IN RE: THIRD ORDER EXTENDING DECLARATION OF JUDICIAL EMERGENCY IN RESPONSE TO COVID-19 EMERGENCY
Having received a request from the Governor pursuant to Va. Code § 17.1-330, on March 16, 2020, the Chief Justice entered an Order declaring a judicial emergency for a period of twenty-one days, through April 6, 2020, for all district and circuit courts, recognizing the need to protect the health and safety of court employees, litigants, attorneys, judges, and the general public (“First Order”). After careful consideration and review, on March 27, 2020, the Justices of this Court unanimously extended the Declaration of Judicial Emergency for a second twentyone day period, through April 26, 2020, for all district and circuit courts of the Commonwealth (“Second Order”). On March 30, 2020, the Governor, through Executive Order 55 (2020), required Virginia residents generally to stay at home until June 10, 2020, due to the public health threat. The Court unanimously extends the Declaration of Judicial Emergency for a third twentyone day period, through May 17, 2020, for all district and circuit courts of the Commonwealth (“Third Order”). The First, Second and Third Orders shall be collectively referred to as the “Emergency Declaration Orders.” The period of time encompassed by these three Orders, from March 16 through May 17, 2020, shall be referred to as the “Period of Judicial Emergency.”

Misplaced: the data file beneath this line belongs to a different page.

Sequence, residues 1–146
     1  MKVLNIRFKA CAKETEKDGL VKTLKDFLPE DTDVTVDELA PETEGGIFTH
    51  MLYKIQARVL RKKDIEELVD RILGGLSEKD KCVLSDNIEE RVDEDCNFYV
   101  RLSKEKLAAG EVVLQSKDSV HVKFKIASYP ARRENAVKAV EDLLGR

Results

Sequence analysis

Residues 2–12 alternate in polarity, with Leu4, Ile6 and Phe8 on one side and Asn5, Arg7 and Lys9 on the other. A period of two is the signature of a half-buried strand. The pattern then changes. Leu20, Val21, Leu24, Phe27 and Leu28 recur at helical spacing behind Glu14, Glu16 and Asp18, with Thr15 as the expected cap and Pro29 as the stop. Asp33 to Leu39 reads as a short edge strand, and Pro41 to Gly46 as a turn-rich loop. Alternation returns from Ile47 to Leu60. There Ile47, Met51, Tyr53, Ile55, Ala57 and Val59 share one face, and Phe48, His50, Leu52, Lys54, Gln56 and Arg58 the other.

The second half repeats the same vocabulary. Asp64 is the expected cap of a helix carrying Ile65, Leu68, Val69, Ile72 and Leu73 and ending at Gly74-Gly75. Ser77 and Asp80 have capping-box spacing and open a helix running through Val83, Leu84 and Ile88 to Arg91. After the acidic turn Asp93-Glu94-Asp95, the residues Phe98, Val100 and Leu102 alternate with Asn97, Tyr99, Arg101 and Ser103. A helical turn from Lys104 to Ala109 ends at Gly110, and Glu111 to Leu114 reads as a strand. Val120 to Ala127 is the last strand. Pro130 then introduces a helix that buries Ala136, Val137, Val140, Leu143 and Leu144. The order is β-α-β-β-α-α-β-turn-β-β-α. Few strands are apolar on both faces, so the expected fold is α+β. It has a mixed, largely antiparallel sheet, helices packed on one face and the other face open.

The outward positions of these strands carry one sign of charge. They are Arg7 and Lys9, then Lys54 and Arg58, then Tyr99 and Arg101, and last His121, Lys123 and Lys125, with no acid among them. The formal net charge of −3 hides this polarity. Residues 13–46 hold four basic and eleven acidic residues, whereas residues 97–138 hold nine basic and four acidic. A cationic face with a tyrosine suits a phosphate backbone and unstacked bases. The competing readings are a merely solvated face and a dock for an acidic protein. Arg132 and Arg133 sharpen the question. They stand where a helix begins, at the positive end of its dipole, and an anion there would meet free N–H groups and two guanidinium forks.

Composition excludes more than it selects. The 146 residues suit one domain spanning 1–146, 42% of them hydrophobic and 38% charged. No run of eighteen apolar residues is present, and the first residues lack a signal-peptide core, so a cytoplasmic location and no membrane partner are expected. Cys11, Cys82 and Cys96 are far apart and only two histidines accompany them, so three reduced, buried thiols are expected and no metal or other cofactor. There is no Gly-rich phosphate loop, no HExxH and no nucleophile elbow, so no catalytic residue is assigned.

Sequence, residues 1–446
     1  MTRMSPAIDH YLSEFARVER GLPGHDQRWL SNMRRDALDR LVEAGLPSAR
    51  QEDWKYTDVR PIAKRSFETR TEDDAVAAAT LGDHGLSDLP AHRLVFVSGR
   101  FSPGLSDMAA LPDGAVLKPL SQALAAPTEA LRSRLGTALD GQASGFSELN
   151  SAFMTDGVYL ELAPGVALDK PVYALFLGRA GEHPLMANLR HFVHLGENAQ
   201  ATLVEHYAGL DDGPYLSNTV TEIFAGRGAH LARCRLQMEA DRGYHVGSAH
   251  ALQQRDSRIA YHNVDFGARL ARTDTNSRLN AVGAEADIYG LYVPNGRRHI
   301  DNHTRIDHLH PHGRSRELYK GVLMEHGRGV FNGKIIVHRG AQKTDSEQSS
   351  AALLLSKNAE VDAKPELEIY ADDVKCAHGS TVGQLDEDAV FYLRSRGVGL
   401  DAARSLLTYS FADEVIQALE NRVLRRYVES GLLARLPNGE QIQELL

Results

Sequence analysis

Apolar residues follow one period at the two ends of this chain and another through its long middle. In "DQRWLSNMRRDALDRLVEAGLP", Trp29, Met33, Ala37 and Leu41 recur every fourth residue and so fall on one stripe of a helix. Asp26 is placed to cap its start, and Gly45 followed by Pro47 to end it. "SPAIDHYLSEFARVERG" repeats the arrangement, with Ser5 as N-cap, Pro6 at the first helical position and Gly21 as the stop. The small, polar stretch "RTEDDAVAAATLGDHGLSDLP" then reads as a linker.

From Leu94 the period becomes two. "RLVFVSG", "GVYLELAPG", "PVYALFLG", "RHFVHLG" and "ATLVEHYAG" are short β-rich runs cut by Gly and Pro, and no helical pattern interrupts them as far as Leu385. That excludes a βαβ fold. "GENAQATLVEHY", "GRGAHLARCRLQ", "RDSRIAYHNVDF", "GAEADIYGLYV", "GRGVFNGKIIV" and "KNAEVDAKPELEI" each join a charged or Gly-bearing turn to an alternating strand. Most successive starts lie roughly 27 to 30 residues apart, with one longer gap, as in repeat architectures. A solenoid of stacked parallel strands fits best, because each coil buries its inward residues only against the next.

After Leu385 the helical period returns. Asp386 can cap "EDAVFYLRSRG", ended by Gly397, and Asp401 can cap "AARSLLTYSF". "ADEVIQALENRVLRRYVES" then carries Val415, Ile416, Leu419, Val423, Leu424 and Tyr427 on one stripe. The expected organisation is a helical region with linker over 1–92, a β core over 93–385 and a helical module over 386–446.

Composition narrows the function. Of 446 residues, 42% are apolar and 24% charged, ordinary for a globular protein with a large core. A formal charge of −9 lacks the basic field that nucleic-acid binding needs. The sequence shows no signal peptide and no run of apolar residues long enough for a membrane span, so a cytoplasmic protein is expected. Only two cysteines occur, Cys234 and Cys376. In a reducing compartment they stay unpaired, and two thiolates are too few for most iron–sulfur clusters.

As the Declaration of Judicial Emergency has been extended from March 16 to May 17, 2020, without interruption, it is ORDERED that:
1. The terms and requirements of this Court’s First and Second Orders, as amended and clarified, shall continue in full force and effect through May 17, 2020, as if fully set forth herein.
2. As recognized in the First and Second Orders, in district and circuit courts the statutes of limitation and case related deadlines are tolled during the Period of Judicial Emergency pursuant to Va. Code § 17.1-330. For example, if a two-year statute of limitations would expire on a plaintiff’s personal injury claim on April 16, 2020, the Period of Judicial Emergency (currently March 16 through May 17, 2020) would not be counted for purposes of the statute of limitations. Due to the tolling of the limitations period as a result of the Declaration of Judicial Emergency, once the emergency ends (currently May 17, 2020), the plaintiff will have an additional thirtytwo (32) days to file suit.
3. In appeals from the circuit court to this Court for the Period of Judicial Emergency, with the exception of matters enumerated in this paragraph, the Emergency Declaration Orders toll the deadlines for filing the notice of appeal in the circuit court under Rule 5:9 and all filing deadlines in the circuit court pertaining to transcripts and written statements of fact as set forth in Rule 5:11, and for filing the petition for appeal in this Court under Rule 5:17(a)(1), for the total number of days of the Period of Judicial Emergency.*